Corneal dystrophies are characterized as bilateral, progressive opacities or changes within the cornea typically following a dominant pattern of inheritance. As per the second edition of the IC3D classification, pre-Descemet corneal dystrophies (PDCDs) fall into category 4—emerging, novel, or previously identified corneal dystrophies for which evidence supporting a distinct entity remains unconvincing. PDCDs comprise distinct subgroups that are potentially sporadic, age-related, or degenerative in nature. Genetic studies provide a means of distinguishing between dystrophic and degenerative disorders. A particular subtype of PDCD is dominant pre-Descemet polychromatic punctate dystrophy (PPDCD).
PPDCD manifests as punctate, polychromatic, pre-Descemet, fine deposits. They can be visualized via direct and indirect illumination. The opacities are uniformly distributed throughout the cornea, from limbus to limbus, with clear spaces between them. PPDCD is inherited in an autosomal dominant manner. Most patients remain asymptomatic. Despite the disease’s progressive nature, patients generally retain vision, and their overall visual prognosis remains favorable.1,2
Potential differential diagnoses include cornea farinata, deep filiform dystrophy, deep punctate dystrophy, Schnyder corneal dystrophy, cystinosis, Bietti dystrophy, and monoclonal gammopathy.3,4
The following case report centers on a PDCD first described by Fernandez Sasso, MD, and colleagues in 1979.5 They described a 36-year-old woman with mild myopia who presented for a routine ophthalmologic examination. Remarkably, seven of her family members were identified with the same corneal dystrophy.
A 25-year-old woman presented for an ophthalmologic evaluation. She had a general medical history of hypercholesterolemia and was on a regimen of oral statin therapy. Her visual acuity was 20/20 OU, and her IOP was 14 mm Hg OU.
A slit-lamp examination found multiple symmetrical, pre-Descemet polychromatic punctate deposits bilaterally (Figure 1). A fundoscopic examination revealed no significant alterations in the posterior segment of either eye. For a more detailed view of the corneal architecture, anterior segment OCT (AS-OCT) imaging and confocal microscopy were performed.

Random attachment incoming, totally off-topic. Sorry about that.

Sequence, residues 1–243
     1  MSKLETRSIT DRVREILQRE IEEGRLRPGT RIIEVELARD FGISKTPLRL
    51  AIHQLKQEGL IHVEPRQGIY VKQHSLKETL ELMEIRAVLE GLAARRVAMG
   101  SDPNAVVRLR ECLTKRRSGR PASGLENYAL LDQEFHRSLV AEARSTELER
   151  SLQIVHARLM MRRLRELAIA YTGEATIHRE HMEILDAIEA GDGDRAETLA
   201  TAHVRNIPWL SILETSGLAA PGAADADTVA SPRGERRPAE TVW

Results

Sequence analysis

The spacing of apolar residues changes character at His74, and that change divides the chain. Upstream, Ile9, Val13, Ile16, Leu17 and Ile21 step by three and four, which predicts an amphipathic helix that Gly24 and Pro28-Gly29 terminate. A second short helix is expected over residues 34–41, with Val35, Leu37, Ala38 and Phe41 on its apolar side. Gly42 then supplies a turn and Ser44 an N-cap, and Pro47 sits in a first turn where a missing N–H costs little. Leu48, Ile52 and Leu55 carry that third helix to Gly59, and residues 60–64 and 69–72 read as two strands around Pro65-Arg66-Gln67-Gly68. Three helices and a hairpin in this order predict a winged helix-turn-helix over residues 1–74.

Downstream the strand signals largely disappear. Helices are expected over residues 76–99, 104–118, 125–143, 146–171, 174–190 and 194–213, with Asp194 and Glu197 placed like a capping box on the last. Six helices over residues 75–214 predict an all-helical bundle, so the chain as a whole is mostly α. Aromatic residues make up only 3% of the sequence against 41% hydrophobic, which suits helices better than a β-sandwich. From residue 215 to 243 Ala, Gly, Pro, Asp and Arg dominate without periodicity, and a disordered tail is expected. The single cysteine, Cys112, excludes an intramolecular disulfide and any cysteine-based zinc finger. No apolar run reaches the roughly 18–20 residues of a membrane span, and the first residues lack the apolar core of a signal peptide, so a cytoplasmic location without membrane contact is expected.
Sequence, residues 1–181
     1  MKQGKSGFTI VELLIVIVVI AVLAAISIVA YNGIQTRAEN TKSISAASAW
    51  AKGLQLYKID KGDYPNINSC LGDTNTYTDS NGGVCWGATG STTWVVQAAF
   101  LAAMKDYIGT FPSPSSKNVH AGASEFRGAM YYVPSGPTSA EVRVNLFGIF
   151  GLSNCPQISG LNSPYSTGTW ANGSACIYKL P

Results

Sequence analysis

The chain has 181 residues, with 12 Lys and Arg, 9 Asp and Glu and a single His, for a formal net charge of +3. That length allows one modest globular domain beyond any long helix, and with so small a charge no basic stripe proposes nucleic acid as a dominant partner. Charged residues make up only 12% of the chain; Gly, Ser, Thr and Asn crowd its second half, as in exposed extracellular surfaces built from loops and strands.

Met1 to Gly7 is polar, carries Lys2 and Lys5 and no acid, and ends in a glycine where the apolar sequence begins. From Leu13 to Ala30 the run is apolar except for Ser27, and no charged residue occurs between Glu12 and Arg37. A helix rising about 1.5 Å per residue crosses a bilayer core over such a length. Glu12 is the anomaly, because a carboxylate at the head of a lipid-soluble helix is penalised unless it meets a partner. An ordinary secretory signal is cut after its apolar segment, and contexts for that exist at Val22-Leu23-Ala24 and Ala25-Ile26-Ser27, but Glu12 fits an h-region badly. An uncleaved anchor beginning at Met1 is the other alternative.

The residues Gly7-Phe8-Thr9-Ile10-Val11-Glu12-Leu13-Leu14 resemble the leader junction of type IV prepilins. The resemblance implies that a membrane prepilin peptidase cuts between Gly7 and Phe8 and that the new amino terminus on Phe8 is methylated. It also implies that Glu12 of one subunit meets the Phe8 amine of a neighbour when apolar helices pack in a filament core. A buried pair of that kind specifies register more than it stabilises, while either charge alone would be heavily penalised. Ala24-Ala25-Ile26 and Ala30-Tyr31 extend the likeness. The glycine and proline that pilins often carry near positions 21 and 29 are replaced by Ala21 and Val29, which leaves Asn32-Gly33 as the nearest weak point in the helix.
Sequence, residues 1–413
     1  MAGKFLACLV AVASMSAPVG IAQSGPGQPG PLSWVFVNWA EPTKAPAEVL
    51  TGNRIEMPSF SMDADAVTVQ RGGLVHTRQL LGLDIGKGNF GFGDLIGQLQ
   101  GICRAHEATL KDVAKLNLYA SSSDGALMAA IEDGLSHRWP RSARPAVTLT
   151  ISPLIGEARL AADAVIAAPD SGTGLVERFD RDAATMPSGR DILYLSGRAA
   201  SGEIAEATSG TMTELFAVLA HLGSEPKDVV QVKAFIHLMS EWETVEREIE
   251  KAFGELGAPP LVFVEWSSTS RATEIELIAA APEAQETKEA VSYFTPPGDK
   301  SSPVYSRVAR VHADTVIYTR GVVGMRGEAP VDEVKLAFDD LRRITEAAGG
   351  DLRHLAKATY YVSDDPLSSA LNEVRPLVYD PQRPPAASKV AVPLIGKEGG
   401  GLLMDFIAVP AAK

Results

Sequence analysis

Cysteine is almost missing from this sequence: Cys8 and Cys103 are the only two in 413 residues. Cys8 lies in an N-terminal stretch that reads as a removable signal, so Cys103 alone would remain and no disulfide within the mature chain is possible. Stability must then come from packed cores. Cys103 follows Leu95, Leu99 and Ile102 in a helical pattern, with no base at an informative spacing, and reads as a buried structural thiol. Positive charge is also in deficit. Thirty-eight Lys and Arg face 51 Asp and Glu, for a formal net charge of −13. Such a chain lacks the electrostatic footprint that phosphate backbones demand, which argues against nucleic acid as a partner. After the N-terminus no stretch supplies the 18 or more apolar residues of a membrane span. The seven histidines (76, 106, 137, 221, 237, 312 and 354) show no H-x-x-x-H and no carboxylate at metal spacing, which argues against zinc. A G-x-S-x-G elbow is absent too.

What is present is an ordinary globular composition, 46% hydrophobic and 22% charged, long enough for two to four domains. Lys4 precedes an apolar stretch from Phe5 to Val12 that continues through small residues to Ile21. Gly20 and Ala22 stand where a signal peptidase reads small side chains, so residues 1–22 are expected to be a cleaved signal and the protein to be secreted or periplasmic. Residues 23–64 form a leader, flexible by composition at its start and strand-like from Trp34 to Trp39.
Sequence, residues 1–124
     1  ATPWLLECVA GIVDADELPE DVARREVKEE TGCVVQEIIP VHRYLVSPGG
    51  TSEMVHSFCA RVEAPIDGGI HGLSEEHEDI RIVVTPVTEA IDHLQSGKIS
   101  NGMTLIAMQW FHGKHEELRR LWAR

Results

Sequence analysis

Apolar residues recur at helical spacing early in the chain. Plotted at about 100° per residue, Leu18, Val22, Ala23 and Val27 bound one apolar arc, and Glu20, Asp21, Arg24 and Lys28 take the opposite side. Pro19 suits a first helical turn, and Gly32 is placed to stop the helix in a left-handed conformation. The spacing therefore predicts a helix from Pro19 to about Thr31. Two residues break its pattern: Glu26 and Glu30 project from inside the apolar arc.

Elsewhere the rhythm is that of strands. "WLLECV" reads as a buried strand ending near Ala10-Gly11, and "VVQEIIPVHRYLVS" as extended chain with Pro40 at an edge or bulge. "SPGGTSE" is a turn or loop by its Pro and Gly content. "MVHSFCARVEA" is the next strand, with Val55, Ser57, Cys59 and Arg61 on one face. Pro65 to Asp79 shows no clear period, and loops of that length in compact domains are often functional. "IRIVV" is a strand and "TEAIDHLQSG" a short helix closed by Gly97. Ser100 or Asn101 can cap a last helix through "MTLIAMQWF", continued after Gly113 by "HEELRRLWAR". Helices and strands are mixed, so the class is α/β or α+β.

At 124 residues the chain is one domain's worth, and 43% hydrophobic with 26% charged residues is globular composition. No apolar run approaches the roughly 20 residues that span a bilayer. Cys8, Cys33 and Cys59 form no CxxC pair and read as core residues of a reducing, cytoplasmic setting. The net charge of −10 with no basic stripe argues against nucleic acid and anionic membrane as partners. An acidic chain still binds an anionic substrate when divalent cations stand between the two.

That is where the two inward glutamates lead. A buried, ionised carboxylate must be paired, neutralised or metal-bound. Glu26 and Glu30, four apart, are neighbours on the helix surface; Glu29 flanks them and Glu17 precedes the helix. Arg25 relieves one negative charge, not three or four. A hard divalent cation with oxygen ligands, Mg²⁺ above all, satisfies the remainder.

The patient disclosed a familial predisposition to corneal abnormalities. At least four members of her immediate family had similar conditions.
AS-OCT imaging. Slight hyperreflective dotting was uniformly distributed across the deep pre-Descemet stroma (Figure 2).
Confocal microscopy. No alterations were observed at the level of the epithelium, subbasal nerve plexus, or middle stroma (nerve). In the deep pre-Descemet stroma, however, hyperreflective deposits were noted. These were of a homogeneous shape and size and had blunt edges, as is typically associated with lipid crystals (Figure 3, at outset of article).
PPDCD is a rare and distinct disorder distinguished by a well-defined clinical presentation. This sets it apart from other pre-Descemet dystrophies and underscores the importance of careful differential diagnosis.
Of note, patients with PPDCD are generally asymptomatic, maintain good visual acuity, and can expect an excellent prognosis. The typical clinical approach to these cases is observation and follow-up.
Two noninvasive diagnostic tools that have proven instrumental in studying PPDCD are AS-OCT and high-resolution confocal microscopy. In AS-OCT studies, faint hyperreflective opacities have been observed. High-resolution confocal microscopy, on the other hand, helps identify the location and morphology of deposits at a cellular level.6
Another essential aspect of managing PPDCD is genetic counseling. The disease has been associated with a new mutation variant in the PRDX3 gene. Further screening should clarify whether this PRDX3 variant is consistent across all affected families or if locus heterogeneity exists for PPDCD.
A reclassification of PPDCD in the IC3D to a category 1 dystrophy is under consideration. Category 1 dystrophy is characterized as a well-defined corneal dystrophy for which the gene has been mapped and identified and the specific mutations are known. The potential reclassification is due to the distinct clinical presentation of PPDCD, its known association with a particular gene, and its autosomal dominant inheritance pattern.7
1. Henríquez-Recine MA, Marquina-Lima KS, Vallespín-García E, et al. Heredity and in vivo confocal microscopy of punctiform and polychromatic pre-Descemet dystrophy. Graefes Arch Clin Exp Ophthalmol. 2018;256(9):1661-1667.
2. Dolz-Marco R, Gallego-Pinazo R, Pinazo-Durán MD, Díaz-Llopis M. Crystalline subtype of pre-Descemetic corneal dystrophy. J Ophthalmic Vis Res. 2014;9(2):269-271.
3. Lagrou L, Midgley J, Romanchuk KG. Punctiform and polychromatophilic dominant pre-Descemet corneal dystrophy. Cornea. 2016;35(4):572-575.
4. Benito-Pascual B, Arriola-Villalobos P, Díaz-Valle D, Del Castillo-Sánchez JM. Confocal biomicroscopy in four patients with polychromatic corneal dystrophy. Arch Soc Esp Oftalmol. 2018;93(10):470-475.
5. Fernandez-Sasso D, Acosta JE, Malbran ES. Punctiform and polychromatic pre-Descemet’s dominant corneal dystrophy. Br J Ophthalmol. 1979;63(5):336-338.
6. Alafaleq M, Georgeon C, Grieve K, Borderie VM. Multimodal imaging of pre-Descemet corneal dystrophy. Eur J Ophthalmol. 2020;30(5):908-916.
7. Alió del Barrio JL, Chung DD, Al-Shymali O, et al. Punctiform and polychromatic pre-Descemet corneal dystrophy: clinical evaluation and identification of the genetic basis. Am J Ophthalmol. 2020;212:88-97.